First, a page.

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Book Review: Chameleon Lights: A Jammu Boy's Musings

Ayushman hails from Jammu, and poetry runs in his blood. He is the grandson of celebrated Dogri poet Randhir Singh, also known in literary circles as Kunwar Viyogi.

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Updated:December 17, 2016, 10:17 AM IST
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Book Review: Chameleon Lights: A Jammu Boy's Musings
An image of the book cover.

Chameleon Lights is a coming of age book of 20 poems, written with a poignant pen. In fact, it reveals itself in repeat reading. The poet meanders through life and explores his response to it. In places, he views it as an onlooker, seemingly watching it pass by but his mind is in a constant banter, trying to find meaning and purpose of being. Sometimes he plunges into the deep dark despair of the incongruity of his values and ones that hold court, but every time comes out stronger, holding on to the conviction of his beliefs. All these are expressed in bold and sure strokes.

Let my deeds guide the lost and restless,
To find the strength they always had.

Let us rise in a calm bond of brotherhood,
Let injustice fear our belief.
(Poem: Prayer to God of Rebellion)

The storm and calm create a picturesque contrast, drawing the reader in, sometimes bemused and another moment mystified. Some poems are almost visual and ‘An Honest Soliloquy’ and ‘A Destined Tale’ are particularly vivid.

In this palace I sit alone,
I fade as my stained glory enjoys its immortality,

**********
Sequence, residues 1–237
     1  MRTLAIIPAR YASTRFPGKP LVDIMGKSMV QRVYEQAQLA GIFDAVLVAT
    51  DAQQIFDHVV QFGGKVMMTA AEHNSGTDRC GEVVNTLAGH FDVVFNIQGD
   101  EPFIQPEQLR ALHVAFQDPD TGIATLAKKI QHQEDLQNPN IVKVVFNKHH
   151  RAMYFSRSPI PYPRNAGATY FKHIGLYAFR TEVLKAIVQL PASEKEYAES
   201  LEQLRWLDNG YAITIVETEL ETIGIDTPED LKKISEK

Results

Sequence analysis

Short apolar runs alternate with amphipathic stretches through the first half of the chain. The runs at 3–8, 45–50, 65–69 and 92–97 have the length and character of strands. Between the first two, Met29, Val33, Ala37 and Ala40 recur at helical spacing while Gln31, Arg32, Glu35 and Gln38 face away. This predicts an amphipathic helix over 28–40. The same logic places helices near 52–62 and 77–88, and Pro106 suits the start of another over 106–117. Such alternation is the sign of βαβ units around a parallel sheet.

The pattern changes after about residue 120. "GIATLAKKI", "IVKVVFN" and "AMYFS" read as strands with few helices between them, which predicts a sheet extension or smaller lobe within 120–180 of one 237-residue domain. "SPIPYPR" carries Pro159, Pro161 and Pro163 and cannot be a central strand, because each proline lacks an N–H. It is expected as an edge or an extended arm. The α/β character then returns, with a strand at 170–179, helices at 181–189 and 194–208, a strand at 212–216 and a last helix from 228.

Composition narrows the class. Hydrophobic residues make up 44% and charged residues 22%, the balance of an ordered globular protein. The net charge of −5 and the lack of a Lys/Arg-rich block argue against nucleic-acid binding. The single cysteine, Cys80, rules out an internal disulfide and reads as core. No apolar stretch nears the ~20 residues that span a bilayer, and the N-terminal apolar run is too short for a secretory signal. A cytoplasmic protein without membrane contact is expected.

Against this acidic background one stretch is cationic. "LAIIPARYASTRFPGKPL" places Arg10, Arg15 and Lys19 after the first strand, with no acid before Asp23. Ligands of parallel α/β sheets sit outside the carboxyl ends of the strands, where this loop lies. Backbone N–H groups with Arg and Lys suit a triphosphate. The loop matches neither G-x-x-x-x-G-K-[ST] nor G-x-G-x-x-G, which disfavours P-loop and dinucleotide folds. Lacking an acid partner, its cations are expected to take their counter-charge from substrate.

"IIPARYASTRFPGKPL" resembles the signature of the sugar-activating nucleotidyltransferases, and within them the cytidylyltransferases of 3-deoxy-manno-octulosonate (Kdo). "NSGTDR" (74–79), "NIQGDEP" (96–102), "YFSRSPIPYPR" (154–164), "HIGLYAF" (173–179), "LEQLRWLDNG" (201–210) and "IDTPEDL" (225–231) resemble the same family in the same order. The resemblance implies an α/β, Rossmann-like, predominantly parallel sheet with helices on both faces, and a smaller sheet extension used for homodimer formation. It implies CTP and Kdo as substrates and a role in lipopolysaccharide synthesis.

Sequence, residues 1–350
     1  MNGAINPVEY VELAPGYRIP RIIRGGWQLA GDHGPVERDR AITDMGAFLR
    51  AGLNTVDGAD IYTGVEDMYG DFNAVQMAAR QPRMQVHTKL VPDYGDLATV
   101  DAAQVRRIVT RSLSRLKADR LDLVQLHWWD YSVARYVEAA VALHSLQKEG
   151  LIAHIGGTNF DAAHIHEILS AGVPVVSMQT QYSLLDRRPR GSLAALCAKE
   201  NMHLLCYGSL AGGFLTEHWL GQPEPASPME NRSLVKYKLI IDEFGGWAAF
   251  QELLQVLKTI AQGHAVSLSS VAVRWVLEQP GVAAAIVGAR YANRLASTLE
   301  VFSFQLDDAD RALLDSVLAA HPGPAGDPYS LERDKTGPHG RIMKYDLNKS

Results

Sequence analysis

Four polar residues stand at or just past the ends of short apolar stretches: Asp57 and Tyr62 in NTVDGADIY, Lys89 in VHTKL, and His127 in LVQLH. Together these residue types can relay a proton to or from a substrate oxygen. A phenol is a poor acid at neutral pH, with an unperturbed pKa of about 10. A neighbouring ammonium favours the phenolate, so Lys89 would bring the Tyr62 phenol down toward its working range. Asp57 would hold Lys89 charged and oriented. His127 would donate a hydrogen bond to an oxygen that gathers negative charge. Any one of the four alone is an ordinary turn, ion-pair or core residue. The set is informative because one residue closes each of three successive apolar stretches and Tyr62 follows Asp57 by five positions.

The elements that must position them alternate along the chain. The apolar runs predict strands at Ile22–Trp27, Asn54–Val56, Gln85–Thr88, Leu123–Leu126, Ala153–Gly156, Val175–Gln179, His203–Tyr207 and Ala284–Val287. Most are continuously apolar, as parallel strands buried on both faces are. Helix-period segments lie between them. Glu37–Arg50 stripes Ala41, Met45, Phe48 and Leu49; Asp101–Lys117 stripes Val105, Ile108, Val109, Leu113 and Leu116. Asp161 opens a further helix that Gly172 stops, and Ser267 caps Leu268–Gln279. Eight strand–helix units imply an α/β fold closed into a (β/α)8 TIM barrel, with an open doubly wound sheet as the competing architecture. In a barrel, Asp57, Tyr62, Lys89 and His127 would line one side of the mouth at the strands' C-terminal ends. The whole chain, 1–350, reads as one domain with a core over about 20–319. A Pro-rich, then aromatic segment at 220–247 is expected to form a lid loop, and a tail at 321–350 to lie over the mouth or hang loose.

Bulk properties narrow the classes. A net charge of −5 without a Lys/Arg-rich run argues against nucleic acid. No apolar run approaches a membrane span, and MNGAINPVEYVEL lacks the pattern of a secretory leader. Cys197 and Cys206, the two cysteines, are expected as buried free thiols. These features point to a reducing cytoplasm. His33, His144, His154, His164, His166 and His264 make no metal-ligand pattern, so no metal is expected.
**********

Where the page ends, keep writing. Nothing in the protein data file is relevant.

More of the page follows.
A constant reminder of a sordid legacy,
For I am made of baser things.
(Poem: An Honest Soliloquy)

The serpentine road cumbered,
The jagged Sulaiman hills in its coils,
Caught in the moon’s silver aura,
I was left bare to the coming turmoil
(Poem: A Destined Tale)

You are almost sitting beside the rogue in the empty palace hall as he reminisces over the remains of his legacy, or with the lone man on the hill on a spooky moonlit night. The brush stroke continues through the book, some places dark, with a splash of red, and a few places with gentle and pastel hues. Be it in ‘Love Letter’, ‘Modern Affection’, ‘Canine Love’ or ‘The Artist of the Soul’, there is romance, longing, the sweet ache of love.

But I pay no heed to what they say,
For if I don’t tell you how I feel,
I am afraid you shall be someone else’s the next day.
If my heart yearns to love and keep you mine,
Then what is sleep to come in my way.
(Poem: Love Letter)

When asked what made him put the pen to paper in verse, Ayushman says, "I write only when I have been hit by an emotional sledgehammer. Growing up and in day to day life one experiences an uncommon recipe of inspiration, despair, love and strength, which brings one closer to who they are and what they are capable of. Wise men call it growing pains and I, inspiration. 'Chameleon Lights' is one such journey and I am sure those who read the book, will find themselves somewhere between the lines."

Ayushman hails from Jammu, and poetry runs in his blood. He is the grandson of celebrated Dogri poet Randhir Singh, also known in literary circles as Kunwar Viyogi. Randhir Singh is the author of the renowned Dogri poem 'Ghar' for which he received the coveted Sahitya Akademi award in 1980. He passed away in September 2015 and his family launched the Kunwar Viyogi Memorial Trust to create a platform for the promotion and preservation of Dogri literature, to empower young artists to showcase and hone their craft. Ayushman has dedicated his book to his grandfather who he affectionately called 'Tiger Nanu'.

"My grandfather was a storyteller," says Ayushman. "With his expressive green eyes he would mesmerise me and spin beautiful stories. 'Ghar' itself is a masterpiece depicting the emotional turbulence of a home and how it provides love and comfort to the most restless spirits. I hope I have inherited even one percent of his talent, and so this book is a tribute to the poet Kunwar Viyogi."

Chameleon Lights is an interplay of the poet’s emotions as he journeys between his heart and mind. The poet takes the reader on a roller coaster ride from boyhood to finding his center and context to life. Like Ayushman says, you will indeed find yourself between the lines.

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